The use of the cookies
“A message kept in the web browser for the purpose of identifying users and possibly preparing customized web pages for them“.
You can also check the definition provided by the Wikipedia here.
How to use them (correctly)
The interesting part starts at page 8, where the AEPD recalls the Opinion 4/2010 of the WG29, the ancestor of the current EDPB.
As an illustration, we have:
- The ones used to fill in forms, or to manage a shopping cart
- Others for user authentication or identification
- Those used to detect erroneous attempts
- The player session’s, along with the media player sessions’, for load balancing; user interface customization; and some plug-ins for
for sharing social content.
According with the mentioned Opinion, these little (and sometimes annoying) pieces of codes would be excluded from the scope of application of Article 22.2 of the LSSI. Therefore, in the mentioned cases, the explicit and informed consent will not be necessary.
For the sake of precision, the term “LSSI” means the Spanish law implementing the Directive 2000/31/CE.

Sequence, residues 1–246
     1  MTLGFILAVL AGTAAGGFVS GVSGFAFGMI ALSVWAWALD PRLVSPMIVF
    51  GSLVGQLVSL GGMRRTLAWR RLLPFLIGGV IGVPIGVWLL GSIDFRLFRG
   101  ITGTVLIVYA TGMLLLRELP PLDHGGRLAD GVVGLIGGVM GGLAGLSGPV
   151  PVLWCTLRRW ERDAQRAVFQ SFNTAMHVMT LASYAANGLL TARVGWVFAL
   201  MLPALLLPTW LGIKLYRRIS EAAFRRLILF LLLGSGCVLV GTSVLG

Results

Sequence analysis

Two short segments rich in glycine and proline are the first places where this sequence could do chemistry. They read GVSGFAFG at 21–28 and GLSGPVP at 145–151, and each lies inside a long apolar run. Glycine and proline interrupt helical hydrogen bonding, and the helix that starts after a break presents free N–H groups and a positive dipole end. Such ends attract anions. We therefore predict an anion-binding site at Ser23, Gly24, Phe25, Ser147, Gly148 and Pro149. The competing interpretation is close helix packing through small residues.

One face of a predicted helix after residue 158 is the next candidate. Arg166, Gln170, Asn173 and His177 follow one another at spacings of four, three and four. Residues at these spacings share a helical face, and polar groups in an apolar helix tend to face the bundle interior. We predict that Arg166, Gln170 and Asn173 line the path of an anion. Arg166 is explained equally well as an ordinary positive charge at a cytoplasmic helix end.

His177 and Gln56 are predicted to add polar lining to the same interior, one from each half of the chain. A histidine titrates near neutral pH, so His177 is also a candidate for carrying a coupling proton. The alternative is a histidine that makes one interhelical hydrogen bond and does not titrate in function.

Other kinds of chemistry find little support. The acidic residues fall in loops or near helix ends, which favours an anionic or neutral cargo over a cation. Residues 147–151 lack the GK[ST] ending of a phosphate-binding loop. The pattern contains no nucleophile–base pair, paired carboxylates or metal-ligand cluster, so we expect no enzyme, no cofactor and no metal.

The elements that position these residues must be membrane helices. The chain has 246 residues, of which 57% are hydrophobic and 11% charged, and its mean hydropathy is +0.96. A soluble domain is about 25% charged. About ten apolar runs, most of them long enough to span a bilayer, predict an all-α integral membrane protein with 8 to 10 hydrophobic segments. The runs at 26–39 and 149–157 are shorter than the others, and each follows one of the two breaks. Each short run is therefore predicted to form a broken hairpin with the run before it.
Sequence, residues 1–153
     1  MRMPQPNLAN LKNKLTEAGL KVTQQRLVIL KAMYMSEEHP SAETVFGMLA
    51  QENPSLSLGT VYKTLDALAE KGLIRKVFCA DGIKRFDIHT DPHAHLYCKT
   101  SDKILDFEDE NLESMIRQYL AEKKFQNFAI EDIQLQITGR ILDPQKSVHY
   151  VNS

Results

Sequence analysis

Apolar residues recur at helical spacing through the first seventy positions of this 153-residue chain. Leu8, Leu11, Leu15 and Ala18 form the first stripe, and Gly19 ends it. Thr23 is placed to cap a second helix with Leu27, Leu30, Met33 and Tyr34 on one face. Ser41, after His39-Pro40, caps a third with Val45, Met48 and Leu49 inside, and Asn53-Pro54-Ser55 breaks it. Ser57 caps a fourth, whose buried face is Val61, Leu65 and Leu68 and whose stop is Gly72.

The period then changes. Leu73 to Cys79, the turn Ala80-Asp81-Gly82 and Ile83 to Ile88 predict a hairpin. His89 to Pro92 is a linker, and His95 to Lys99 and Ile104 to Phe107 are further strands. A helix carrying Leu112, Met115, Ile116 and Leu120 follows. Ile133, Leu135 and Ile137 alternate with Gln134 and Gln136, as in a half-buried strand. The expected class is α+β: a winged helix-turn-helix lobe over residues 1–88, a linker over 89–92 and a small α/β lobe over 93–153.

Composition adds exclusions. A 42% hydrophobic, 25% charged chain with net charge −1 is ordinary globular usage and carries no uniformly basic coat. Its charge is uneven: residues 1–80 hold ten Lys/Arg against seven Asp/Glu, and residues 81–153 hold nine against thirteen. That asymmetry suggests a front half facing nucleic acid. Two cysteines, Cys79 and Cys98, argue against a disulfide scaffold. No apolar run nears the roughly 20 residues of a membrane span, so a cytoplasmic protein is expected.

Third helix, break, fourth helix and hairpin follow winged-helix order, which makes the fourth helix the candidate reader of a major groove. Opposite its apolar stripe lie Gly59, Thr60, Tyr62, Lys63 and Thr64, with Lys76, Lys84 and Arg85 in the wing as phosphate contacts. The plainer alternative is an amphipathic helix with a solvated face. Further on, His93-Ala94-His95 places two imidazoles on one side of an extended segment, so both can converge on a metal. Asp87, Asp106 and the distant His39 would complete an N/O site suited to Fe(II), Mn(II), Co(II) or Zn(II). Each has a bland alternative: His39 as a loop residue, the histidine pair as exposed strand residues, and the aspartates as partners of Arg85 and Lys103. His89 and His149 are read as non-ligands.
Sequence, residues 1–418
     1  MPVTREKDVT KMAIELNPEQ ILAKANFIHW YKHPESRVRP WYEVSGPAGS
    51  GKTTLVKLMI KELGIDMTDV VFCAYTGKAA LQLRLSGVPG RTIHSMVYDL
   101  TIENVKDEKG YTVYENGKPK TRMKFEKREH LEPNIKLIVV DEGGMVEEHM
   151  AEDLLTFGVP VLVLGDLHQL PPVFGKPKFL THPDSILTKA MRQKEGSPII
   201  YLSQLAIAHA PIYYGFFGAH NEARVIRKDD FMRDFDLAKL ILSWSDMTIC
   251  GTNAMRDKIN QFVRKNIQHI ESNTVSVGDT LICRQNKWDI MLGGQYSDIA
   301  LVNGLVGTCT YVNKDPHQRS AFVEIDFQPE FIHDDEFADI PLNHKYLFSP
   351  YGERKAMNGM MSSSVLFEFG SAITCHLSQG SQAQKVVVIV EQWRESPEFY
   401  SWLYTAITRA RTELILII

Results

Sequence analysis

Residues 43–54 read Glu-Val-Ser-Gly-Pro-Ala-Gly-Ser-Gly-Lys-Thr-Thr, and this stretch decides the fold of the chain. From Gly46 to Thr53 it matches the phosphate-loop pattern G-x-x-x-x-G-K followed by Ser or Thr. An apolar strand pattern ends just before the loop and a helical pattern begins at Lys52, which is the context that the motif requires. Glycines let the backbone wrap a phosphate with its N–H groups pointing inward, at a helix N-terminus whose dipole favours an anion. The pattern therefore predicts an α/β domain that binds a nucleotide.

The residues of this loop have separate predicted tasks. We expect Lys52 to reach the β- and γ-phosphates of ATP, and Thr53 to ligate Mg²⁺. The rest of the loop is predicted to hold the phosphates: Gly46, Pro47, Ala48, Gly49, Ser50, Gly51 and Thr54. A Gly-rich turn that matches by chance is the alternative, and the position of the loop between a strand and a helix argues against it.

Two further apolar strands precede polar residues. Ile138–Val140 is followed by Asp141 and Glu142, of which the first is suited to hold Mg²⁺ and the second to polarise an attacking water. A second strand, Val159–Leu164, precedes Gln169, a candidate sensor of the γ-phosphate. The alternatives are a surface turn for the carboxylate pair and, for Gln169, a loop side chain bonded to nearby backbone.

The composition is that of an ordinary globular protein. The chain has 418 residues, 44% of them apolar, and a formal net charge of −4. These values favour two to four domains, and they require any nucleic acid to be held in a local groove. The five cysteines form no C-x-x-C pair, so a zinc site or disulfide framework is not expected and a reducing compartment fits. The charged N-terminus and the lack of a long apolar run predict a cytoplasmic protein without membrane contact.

In contrast, for all other cookies, you need to obtain and informed and explicit consent for from the Web user.
How to obtain the informed and explicit consent
The AEPD says that every Web page should use the so-called “two-layer approach“. What does it mean? To illustrate this concept, we will use a couple of screenshots of our own Web.
The Cookie’s First Layer
According to the mentioned enforcement proceeding, the first layer must include a generic identification of the purpose of the cookie. I must admit that I am not particular proud of the definition “relevant experience” but, believe me, the existent cookies are only the technical ones. If you would like to suggest a more precise definition for the purpose, feel free to send us an email. We always appreciate your feedback. In any case, the mention to “remembering your preferences” seems a little bit more accurate. Actually, it is the only purpose for which the necessary cookies are installed.
The Cookie’s Second Layer
Therefore, we follow the rules dictated by the AEPD. Specifically, we have a banner, clearly visible, linked to a second layer of information. Here, the user can access to the settings panel. Remember: the user does not have to navigate within the second layer to locate the settings.
We only have necessary cookies. But the fined Web mentioned by the GDPR had others that, well, didn’t fit well into the concept of explicit and informed consent.
If your Web site directly targets European customers, you better call your Privacy Manager in Europe. We are here to help you in getting reasonably compliant with the European legislation.